The race to purchase PokerStars is still wide open. Earlier this year, rumors swirled that William Hill was going to acquire/merge with the online poker giant. When those talks fell apart, a new rumor popped up that former Amaya CEO and founder David Baazov was interested in acquiring PokerStars for a hefty price tag worth $4.1 billion. Baazov does not personally have that sort of cash lying around, but he's always had a knack for putting together big deals, so he worked his magic and supposedly found backing from two financial groups based out of Hong Kong. Plus, Baazov already held a 17% stake in the company, which made him the second-largest single shareholder. He sought a deal worth approximately $6.7 billion to take PokerStars private again.
According to an article in Bloomberg, "Baazov's C$24 a share cash bid had been recast after a Dubai-based investor said last month its purported backing for the deal announced Nov. 14 was given without the firm's knowledge or consent. In a subsequent filing to the U.S. Securities and Exchange Commission, Baazov had said two Hong Kong funds -- Head and Shoulders Global Investment Fund SPC and Goldenway Capital SPC -- agreed to boost their support as a result."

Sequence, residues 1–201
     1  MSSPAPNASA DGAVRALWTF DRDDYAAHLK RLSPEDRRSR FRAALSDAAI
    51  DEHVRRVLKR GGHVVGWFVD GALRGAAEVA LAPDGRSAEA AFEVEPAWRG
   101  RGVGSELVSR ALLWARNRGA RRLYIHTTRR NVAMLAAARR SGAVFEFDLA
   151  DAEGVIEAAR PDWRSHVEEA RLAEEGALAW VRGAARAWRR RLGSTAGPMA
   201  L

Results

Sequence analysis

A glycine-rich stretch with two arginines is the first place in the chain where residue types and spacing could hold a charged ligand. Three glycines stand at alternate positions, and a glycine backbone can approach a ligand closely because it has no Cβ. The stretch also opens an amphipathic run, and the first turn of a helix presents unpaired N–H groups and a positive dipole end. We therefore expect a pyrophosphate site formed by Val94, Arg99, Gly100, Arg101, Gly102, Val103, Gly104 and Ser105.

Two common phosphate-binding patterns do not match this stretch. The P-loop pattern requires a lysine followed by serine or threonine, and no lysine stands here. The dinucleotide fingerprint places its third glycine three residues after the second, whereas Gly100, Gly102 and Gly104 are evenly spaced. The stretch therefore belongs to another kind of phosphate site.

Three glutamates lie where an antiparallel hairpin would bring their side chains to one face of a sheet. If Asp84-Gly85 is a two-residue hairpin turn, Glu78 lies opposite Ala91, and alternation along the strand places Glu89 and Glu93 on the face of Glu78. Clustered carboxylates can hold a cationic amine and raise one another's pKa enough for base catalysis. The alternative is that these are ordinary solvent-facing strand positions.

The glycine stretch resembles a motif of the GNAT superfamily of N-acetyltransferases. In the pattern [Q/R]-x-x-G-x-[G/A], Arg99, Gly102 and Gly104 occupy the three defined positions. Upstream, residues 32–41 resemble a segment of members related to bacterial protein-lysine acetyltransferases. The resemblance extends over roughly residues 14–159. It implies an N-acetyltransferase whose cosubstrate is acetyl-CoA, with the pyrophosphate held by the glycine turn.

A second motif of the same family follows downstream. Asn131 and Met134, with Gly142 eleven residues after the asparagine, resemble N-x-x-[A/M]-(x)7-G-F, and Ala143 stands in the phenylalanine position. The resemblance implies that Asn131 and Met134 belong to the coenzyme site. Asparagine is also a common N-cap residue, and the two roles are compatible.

And as a result of that news, Amaya's stock plunged.
SpringOwl Asset Management, which had been increasing its stake in Amaya, was highly critical of the deal put together by Baazov. SpringOwl (a.k.a. SOAM) suggested the deal was two low and "lacking in transparency." SOAM CEO Jason Ader had strong words for Baazov. According to Bloomberg, Ader "urged the company to shake off 'the undue influence' of Baazov and focus on growing the business."
David Baazov, founder of Amaya
It became evident that the share price premium demanded by certain shareholders exceeded the price at which my investors and I would be willing to complete a transaction.